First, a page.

Informatics Creates Value in All Fields
Informatics is technology applied to specific fields. Informatics
serves as the bridge between computing and information technology and specific application
domains, ranging, for example, from the government and public policy to
economics to health care. As computing and information technologies become
increasingly embedded in the day-to-day operations of commerce Informatics as a
field will become increasingly important. We will need more individuals who
understand a diverse set of technologies and how to apply them across fields.
To illustrate this point we can look to the case of “big data” today.
Organizations are producing immense amounts of data and emerging technologies
are now making it possible to collect that data and use it to answer questions.
This has created the need for individuals who understand how to use those
technologies and how to get information out of large data sets.
Informatics is the bridge between technology and another specific domain, ranging, for example, from the fine arts to economics to health care. Its applications are often hyphenated, such as “bio-informatics.” Besides applying technology to a specific field, informatics often includes a focus on social and behavioral aspects of information and technology.
The Informatics Department offers a faculty-initiated interdisciplinary major in Information Science leading to a B.A. in Interdisciplinary Studies. This degree educates students for such careers as information technology specialist, records manager, Web developer, database administrator, and others. Some students enter graduate programs in library science, information science, business, and others.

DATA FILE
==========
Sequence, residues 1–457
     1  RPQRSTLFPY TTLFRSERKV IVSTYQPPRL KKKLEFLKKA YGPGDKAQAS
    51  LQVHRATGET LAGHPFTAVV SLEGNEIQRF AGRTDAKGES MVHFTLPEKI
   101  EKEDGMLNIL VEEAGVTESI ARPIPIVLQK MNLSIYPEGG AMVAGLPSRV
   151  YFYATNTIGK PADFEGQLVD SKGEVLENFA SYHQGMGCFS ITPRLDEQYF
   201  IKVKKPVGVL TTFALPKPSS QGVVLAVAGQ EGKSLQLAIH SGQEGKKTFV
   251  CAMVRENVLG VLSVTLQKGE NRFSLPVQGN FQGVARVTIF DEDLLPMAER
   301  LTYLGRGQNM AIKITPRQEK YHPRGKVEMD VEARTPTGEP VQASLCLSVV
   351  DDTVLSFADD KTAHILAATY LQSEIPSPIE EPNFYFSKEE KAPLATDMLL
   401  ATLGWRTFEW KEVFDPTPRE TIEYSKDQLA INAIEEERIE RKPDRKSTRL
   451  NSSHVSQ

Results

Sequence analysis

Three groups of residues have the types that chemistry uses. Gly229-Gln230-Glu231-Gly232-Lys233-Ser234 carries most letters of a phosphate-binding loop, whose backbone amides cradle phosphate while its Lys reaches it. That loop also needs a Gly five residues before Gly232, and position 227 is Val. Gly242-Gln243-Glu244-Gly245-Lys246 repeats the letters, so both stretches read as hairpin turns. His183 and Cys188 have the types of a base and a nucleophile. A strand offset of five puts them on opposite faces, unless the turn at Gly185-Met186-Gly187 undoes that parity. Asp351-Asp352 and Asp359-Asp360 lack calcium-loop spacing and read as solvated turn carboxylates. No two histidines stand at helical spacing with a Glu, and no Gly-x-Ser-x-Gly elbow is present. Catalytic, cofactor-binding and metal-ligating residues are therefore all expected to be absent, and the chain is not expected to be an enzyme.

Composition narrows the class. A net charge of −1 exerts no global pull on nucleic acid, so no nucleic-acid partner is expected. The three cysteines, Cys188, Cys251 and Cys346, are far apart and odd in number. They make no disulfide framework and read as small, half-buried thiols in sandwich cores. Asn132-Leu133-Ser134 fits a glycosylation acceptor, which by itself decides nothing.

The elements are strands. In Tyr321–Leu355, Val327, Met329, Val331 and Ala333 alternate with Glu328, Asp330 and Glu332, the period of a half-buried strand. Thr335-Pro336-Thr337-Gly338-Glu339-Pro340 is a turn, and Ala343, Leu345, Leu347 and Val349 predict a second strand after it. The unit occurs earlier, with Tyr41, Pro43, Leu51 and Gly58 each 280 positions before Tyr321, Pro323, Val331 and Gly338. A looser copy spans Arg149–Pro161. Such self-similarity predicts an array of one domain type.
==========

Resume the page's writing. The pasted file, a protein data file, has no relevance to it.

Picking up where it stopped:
Informatics offers the Ph.D. in Information Science, an interdisciplinary program that encompasses research, teaching, and the application of research to practice.
does the Informatics Department value?
As a Department, Informatics values wide-spread access to
student-centered technology education. The Informatics minor is founded on the
principle of “study what you love, but also graduate with enough technology
skills to be technology-knowledgeable in the 21st century.” In
addition, we place a very high value on quality undergraduate education and
engaged learning. Specifically, we value:
Engaged, active learning
Access to technology education
Staying ahead of the curve on technology developments
Trying something different
Great Career Possibilities
Graduates can look forward to excellent job opportunities, whether directly in the field of computing and information science, or by applying their expertise in information science to positions within the business, government, education or nonprofit sectors.